4 Quick & Easy Tablesaw Joints
For many of us, the tablesaw proves to be the cornerstone of building most projects. With this machine, you can rip and crosscut lumber to size, cut straight edges on boards that have none, and also cut many types of joinery. In this article, we show four joints you can easily create on your saw using a miter gauge and rip fence (and a few other accessories: See Sources, at end of article.)
For all of the joints in this article, always make test cuts in scrap stock to perfect the setups before machining your project parts. And in most cases, using a zero-clearance throat insert on your tablesaw will produce cleaner and safer cuts.
Best uses: any type of frame (picture, door, face frame)
A half-lap, shown above, consists of rabbets, dadoes, or grooves cut to half the thickness of mating workpieces. This joint lacks mechanical strength, but gets its strength from long-grain to long-grain bonding with glue. You can cut a half-lap joint in two ways on a tablesaw.
Using a single blade
You can cut half-laps best with a 40-tooth general-purpose or 50-tooth combination blade. This method cuts cleaner, smoother cheeks for stronger glue joints.
Using a dado set
Start by installing a stacked dado set; in most cases, the wider the better, because you can remove more material with each pass. Install an auxiliary fence on a miter gauge to combat tear-out where the blade exits the workpiece.
Tongue and groove
Best uses: edge-glued panels (tabletops, door panels, etc.), carcase backs, frame-and-panel doors
A well-made tongue-and-groove joint maximizes linear-edge glue surface while also providing goof-proof alignment of the mating workpieces. As with a half-lap, you can cut a tongue-and-groove joint with either a dado set or a single blade. In both cases, cut the groove first, and then cut the tongue to fit snugly.
Using a dado set
Install a stacked dado set equal to or slightly narrower than the width of the groove you want to cut. Be sure to use a zero-clearance insert—you'll need workpiece support on each side of the blade.
This hybrid tongue and groove is an open-and-shut case
Stub-tenon-and-groove joints find use primarily in doors and similar frame-and-panel construction in lieu of using cope-and-stick router bits. Cut this joint in the same manner as a regular tongue-and-groove joint, but with the tongue on the ends of a workpiece, usually the horizontal rails. Cut the groove first, sizing it to fit the door's panel. Then, size the tongue to fit the groove.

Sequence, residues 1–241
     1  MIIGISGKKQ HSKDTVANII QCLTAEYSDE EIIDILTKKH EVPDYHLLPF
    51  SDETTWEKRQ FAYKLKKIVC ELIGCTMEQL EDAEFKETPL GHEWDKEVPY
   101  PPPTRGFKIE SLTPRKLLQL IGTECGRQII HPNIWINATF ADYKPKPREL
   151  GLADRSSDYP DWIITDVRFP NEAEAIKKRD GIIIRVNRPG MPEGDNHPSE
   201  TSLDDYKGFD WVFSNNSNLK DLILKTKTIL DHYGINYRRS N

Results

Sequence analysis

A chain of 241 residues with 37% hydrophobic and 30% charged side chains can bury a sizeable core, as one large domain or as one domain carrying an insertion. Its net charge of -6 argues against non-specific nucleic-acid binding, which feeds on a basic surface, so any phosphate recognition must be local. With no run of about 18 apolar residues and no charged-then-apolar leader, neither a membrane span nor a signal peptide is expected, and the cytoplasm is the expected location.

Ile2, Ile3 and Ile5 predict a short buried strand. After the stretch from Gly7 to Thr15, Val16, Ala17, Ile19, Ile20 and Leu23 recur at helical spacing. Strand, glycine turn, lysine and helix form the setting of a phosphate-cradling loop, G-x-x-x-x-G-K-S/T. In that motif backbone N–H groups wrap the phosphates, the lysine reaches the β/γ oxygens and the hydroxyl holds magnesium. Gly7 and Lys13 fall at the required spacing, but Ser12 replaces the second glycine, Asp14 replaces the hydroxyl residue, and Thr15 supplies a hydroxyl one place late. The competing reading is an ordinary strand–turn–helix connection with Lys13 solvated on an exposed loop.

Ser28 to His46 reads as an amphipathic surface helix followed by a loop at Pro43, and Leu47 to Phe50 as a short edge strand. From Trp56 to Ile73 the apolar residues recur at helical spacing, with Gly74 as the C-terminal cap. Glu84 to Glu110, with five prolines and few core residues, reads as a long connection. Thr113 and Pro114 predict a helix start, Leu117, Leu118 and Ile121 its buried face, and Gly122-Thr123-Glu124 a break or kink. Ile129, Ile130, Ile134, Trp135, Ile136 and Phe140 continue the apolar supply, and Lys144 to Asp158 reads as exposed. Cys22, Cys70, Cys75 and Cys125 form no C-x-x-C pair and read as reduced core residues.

Using a single blade
Blade kerf (thickness) doesn't affect the quality of the cut, but thin-kerf blades might require more passes than a full-kerf blade.
Best uses: small boxes, drawers, chests, tool boxes
A box joint provides lots of glue surface for a strong joint. Use contrasting wood species to add pizzazz to its otherwise purely functional appearance.
You can use a stacked-dado set, but a dedicated box-joint blade set [Sources] yields cleaner, square-cornered cuts. Install the blade set to the desired finger width. You'll build a simple, inexpensive jig (explained in the coming steps) that attaches to a regular miter gauge. When machining the fingers, cut them slightly long so they'll be about 1⁄64 " proud when assembled. (Blade height should equal the workpiece thickness plus 1⁄64 ".) Then you can trim the joints flush when assembled.
When cutting box joints, separate the box sides into opposing pairs. For the purpose of this article, we'll refer to them as sides and front/back. Cut these pairs identically to create symmetrical joints.
To get started, cut a test side and a test front/back equal in thickness and width to the actual box parts. Then follow these steps to make the box-joint jig.
Rather than trying to cut boards to the precise width needed for a specific set of box joints, leave the boards a little wider than you think you'll need. You'll end up with a partial finger/notch on each, but you can quickly rip the boards to width before assembly.
Once you have a good fit, secure the plywood to the miter gauge with screws (or double-faced tape), cut both ends of the box sides in the first manner, then cut the front and back in the second manner. Glue the box together, clamp, and allow to dry. Trim the proud fingers with a block plane or flush-trim router bit.
Best uses: small boxes, picture/mirror/door frames
Miter joints look nice because they hide end grain, but they lack strength because glue doesn't bond well to the quartered end grain. Adding splines across a miter increases its strength substantially. (Cut spline slots with the blade at 90° as shown, or tilt the blade 5–7° for more pizzazz and strength.)
For perfectly square-cornered spline slots, use a rip blade, which has flat-tipped teeth. A blade with alternate-bevel tips will leave tiny "bat ears" in the corners that a spline won't fill.
To cut the slots, you'll need to build a rip-fence saddle jig, shown below, to cradle the mitered box. Your jig should slide back and forth easily on the fence but without side-to-side slop. But before tackling the splines, you'll need to build your mitered box and sand it smooth.
Add support with deep splines
For an integrated tray support in a splined-miter box, cut the center slots deep enough to penetrate the inside of the box at least 1⁄4 ". You'll need to make wider splines for this, but they will provide an almost-hidden built-in support.